California may not have any cash to spend, but it has plenty of expertise when it comes to disasters like oil spills.
That’s why Gov. Jerry Brown agreed today to send a team of oil spill specialists to Montana to deal with with an oil pipeline break that is fouling the Yellowstone River.
It’s a little-known unit within the Department of Fish and Game that was put together following the 1989 Exxon-Valdez spill in Alaska. It got involved in some heavy lifting last year following the BP disaster in the Gulf of Mexico.
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“We deployed 70 Fish and Game personnel last year to the Deepwater Horizon spill,” said Scott Schaefer, who runs the Office of Spill Prevention and Response.
The Montana team will be made up of five specialists.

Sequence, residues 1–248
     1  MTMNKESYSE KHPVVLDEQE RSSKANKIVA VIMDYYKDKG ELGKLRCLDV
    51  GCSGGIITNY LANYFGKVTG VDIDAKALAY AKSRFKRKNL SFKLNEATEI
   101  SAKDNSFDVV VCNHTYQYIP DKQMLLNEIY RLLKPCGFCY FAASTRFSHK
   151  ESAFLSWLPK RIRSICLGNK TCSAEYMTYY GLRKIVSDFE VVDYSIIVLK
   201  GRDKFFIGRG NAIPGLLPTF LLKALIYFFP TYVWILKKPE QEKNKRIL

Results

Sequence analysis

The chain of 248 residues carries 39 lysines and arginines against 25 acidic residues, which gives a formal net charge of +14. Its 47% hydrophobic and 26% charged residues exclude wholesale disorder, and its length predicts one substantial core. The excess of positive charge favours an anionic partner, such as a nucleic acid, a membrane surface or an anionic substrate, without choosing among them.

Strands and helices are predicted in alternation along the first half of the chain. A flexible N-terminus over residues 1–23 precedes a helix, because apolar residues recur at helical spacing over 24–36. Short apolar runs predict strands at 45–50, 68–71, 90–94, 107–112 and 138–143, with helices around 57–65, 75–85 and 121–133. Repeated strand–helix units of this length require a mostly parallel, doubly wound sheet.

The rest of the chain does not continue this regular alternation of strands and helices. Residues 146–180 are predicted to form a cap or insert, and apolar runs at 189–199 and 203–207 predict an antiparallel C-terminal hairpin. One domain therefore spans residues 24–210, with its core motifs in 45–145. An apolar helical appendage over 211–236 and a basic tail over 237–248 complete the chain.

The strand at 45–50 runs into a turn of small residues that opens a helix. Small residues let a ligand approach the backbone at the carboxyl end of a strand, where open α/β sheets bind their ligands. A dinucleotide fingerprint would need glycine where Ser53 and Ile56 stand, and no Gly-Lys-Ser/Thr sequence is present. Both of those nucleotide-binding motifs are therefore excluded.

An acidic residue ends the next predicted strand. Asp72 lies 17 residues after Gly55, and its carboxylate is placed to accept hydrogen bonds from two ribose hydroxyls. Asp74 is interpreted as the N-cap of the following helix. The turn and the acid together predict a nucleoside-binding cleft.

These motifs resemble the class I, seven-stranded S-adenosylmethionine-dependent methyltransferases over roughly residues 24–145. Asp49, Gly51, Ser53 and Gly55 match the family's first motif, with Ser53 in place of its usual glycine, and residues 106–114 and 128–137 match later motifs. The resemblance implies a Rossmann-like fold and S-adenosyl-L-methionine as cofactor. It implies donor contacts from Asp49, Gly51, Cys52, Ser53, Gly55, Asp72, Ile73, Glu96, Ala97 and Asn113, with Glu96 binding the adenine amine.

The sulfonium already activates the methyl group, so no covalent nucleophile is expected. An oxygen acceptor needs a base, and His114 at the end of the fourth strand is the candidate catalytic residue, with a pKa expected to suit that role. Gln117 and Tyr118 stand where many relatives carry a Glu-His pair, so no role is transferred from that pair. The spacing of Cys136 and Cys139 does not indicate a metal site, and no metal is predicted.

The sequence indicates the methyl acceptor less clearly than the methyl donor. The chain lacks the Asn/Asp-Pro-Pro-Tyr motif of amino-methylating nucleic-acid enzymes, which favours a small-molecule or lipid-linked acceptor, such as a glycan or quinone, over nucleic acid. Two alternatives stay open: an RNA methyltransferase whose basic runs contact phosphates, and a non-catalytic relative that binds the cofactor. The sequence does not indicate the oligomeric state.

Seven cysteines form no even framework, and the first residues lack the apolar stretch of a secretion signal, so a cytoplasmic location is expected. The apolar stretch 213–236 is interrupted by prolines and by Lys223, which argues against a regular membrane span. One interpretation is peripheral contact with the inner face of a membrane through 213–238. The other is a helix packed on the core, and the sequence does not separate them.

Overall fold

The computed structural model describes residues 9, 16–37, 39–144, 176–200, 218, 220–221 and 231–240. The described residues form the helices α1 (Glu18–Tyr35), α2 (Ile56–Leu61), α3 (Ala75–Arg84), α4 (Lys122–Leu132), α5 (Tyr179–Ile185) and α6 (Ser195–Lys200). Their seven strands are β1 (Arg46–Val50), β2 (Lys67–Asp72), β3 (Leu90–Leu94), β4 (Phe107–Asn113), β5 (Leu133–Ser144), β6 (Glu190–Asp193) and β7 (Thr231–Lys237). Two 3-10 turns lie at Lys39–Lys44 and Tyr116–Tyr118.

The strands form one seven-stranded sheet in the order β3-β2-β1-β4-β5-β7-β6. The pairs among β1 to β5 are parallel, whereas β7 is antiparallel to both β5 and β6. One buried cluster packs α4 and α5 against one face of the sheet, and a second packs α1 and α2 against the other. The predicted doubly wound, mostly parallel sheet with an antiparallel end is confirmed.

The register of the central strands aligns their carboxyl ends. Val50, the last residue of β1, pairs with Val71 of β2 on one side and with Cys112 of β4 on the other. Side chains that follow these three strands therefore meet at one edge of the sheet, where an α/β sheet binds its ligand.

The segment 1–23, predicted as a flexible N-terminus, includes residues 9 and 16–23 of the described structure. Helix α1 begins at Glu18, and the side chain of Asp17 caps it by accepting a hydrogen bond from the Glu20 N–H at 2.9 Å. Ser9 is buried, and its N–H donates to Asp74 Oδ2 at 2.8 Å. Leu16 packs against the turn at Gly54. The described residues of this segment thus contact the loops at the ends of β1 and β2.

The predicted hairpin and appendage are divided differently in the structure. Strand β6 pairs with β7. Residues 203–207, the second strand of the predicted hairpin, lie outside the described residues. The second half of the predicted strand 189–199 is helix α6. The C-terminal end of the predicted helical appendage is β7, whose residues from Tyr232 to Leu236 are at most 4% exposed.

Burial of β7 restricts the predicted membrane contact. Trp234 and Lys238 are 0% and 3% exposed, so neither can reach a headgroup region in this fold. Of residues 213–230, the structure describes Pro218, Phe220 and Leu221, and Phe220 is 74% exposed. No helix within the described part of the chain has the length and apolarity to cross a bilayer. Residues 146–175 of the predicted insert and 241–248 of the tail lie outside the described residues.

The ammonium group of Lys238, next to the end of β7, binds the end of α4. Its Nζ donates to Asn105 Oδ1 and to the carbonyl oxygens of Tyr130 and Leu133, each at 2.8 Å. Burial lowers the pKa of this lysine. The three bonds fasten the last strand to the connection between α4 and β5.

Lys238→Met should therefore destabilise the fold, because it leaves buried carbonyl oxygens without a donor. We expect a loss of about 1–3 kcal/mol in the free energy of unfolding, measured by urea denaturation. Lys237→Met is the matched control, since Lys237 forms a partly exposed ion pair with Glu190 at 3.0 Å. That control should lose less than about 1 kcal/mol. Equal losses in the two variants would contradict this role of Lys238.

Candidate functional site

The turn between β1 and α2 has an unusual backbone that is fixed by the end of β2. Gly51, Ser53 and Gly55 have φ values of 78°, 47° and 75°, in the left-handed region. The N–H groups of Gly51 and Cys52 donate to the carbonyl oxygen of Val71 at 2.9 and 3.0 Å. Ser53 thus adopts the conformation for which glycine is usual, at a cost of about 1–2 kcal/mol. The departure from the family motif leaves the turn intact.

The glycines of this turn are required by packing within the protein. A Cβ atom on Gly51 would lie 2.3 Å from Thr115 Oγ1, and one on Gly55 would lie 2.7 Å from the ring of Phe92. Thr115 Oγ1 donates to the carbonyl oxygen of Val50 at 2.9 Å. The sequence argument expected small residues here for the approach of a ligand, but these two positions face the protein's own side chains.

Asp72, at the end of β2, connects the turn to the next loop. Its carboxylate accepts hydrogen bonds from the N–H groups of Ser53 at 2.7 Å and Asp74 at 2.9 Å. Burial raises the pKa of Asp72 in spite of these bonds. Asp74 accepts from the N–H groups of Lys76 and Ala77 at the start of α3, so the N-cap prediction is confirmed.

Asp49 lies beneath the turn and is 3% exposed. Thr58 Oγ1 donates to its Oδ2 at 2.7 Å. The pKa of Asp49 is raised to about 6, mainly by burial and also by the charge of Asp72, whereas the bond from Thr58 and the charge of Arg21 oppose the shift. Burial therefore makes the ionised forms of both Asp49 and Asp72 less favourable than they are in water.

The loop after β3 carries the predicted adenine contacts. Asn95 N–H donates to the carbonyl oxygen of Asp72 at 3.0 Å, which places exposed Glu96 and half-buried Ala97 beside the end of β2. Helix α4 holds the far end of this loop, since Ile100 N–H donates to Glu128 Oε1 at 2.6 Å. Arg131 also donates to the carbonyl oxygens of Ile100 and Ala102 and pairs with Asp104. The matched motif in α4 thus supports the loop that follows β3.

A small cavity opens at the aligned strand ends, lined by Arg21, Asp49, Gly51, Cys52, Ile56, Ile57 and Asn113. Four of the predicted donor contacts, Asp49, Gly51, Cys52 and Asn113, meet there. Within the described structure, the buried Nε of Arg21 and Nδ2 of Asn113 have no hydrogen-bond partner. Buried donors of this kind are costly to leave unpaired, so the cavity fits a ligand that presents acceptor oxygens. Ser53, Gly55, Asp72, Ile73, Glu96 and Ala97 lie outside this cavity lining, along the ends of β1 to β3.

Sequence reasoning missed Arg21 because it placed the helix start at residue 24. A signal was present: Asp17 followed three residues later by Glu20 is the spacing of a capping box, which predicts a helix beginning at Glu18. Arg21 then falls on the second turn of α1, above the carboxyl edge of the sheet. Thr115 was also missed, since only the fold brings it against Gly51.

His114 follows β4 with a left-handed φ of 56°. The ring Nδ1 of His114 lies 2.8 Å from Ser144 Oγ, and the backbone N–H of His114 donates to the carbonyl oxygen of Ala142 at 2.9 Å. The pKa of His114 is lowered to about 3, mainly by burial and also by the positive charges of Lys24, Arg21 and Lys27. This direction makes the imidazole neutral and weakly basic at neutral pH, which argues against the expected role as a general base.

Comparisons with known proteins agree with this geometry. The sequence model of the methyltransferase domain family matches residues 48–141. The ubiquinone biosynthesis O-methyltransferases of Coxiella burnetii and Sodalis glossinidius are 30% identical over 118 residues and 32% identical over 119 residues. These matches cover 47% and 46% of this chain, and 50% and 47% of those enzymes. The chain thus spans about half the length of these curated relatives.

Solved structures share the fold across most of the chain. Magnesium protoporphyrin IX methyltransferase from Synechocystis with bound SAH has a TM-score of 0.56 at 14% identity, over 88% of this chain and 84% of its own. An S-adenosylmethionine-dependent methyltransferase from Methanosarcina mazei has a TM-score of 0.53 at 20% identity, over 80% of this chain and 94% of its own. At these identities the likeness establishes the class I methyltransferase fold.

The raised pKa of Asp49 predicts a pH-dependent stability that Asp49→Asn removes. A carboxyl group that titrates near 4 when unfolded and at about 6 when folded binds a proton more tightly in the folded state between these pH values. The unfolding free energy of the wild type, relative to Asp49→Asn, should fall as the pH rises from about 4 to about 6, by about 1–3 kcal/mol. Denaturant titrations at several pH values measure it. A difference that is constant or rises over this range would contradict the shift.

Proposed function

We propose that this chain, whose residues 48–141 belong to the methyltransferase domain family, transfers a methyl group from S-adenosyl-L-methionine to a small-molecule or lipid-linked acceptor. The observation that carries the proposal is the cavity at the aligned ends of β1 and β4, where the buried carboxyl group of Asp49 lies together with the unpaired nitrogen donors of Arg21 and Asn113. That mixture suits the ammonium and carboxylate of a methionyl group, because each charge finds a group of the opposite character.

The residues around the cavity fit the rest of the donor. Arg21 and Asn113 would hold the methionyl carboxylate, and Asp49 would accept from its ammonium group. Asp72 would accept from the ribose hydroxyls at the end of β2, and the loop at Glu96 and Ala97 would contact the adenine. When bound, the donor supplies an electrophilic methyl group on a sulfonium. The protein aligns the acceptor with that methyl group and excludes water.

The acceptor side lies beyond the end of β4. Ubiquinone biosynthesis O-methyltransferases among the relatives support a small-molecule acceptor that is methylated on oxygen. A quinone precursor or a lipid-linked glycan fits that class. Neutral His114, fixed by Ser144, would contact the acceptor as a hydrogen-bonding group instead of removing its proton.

California’s history with oil spill disasters pre-dates even Gov. Brown. Until it was eclipsed by the Gulf spill, the worst oil spill in the nation’s history happened in January of 1969 in the Santa Barbara Channel.
A Union Oil platform blew out, sending an estimated 80,000 to 100,000 barrels of crude into coastal waters before it was finally capped.
That disaster mobilized today’s modern environmental protection movement.
The Yellowstone disaster is small by comparison, at an estimated 1,000 barrels of oil.
Whatever the scope, the governor’s decision today is a reminder that disaster is what California knows well. And yes, his office says the state’s bill will be paid by the federal government under terms of a mutual aid agreement.